Length: 3,8-7,6 m
Weight: 1-3 t
World stock size: Thought to be about 1,000,000 animals
In the North Atlantic: Approximately 800,000 animals at least
The long-finned pilot whale is mostly black or dark-brown, with a grey spot behind the dorsal fin. There is a white or light-grey stripe along the belly running right up to the head where it splits to form an anchor-like pattern. In some individuals, white or greyish shadows may be seen pointing backwards from the eyes. Young animals tend to exhibit a lighter colouring. The dorsal fin (particularly on a bull) is high, back-swept and set well forward on the body; its location distinguishes this species from all other whales in the North Atlantic. Another characteristic of long-finned pilot whales are significantly elongated back-swept flippers which may constitute up to 30% of the animal’s total length. The spout is about 1 m high and only visible under ideal conditions. Pilot whales usually dive for only few minutes at a time. When they blow, the high melon may be seen and the location of the dorsal fin to the front of the back. Pilot whales usually travel in groups and there may well be hundreds of them together in one school. They eat during the night and rest in the daytime when they are often seen lying close together, motionless, as if they were asleep. Pilot whales, like some other whale species, sometimes ”tread water”, or spyhop, as if checking out their surroundings. They may also indulge in slapping or lobtailing, either in a horizontal or vertical position – what these antics are supposed to mean is unknown.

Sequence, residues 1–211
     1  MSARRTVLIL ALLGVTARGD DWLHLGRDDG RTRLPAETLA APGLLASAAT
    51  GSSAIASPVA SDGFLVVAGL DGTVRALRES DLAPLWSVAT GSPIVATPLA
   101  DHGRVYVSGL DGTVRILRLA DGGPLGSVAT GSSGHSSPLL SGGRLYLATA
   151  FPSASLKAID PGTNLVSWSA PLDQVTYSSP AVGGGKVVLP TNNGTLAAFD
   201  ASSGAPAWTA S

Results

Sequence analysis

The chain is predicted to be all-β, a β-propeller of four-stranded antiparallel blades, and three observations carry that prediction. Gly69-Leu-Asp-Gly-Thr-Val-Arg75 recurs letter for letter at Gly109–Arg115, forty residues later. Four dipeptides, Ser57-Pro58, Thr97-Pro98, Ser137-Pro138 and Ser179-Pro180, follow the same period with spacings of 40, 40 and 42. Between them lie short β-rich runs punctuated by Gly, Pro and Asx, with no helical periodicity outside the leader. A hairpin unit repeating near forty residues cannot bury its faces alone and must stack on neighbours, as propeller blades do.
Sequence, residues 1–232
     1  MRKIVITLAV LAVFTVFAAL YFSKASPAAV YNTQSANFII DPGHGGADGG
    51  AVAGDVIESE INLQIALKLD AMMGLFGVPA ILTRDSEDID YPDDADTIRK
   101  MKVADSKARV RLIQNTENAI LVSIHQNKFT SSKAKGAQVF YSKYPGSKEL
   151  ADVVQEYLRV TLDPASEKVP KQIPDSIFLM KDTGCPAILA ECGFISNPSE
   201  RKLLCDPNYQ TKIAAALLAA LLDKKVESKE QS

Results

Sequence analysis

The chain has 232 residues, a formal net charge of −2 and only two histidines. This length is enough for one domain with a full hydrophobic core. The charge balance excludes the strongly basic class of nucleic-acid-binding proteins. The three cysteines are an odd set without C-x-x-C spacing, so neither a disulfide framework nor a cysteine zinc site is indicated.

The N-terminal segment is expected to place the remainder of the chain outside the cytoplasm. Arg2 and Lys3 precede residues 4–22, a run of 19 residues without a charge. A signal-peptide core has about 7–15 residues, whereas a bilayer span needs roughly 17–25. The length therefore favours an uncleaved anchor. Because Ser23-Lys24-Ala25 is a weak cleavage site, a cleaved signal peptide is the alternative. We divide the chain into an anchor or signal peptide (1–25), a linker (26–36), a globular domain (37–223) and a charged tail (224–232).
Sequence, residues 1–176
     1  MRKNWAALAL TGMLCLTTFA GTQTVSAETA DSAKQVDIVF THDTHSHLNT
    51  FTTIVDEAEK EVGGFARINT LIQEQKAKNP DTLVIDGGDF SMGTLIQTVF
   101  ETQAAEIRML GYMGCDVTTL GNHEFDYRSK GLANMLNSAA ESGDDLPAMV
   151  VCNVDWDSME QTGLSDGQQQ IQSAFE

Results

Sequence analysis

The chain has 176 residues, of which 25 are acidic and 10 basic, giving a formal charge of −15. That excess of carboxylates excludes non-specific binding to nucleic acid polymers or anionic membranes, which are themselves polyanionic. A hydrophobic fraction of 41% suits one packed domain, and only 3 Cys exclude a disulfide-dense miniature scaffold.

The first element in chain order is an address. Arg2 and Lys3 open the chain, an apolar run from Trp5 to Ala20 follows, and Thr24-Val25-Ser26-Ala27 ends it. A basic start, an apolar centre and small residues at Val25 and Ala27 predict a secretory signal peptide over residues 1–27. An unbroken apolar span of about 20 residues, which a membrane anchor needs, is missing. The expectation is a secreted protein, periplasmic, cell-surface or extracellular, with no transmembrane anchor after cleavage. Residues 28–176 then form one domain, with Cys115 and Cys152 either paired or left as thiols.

Text and distribution map: Sigurður Ægisson.
English translation: Frances Jane Milne McQueen and Rafn Kjartansson.
Photo: Photographer unknown. Owner: Marine Research Institute (Iceland).
Drawing: Jón Baldur Hlíðberg.
For a more detailed information see the book ‘Whales‘, by Jón Baldur Hlíðberg and Sigurður Ægisson (Forlagið, 2010).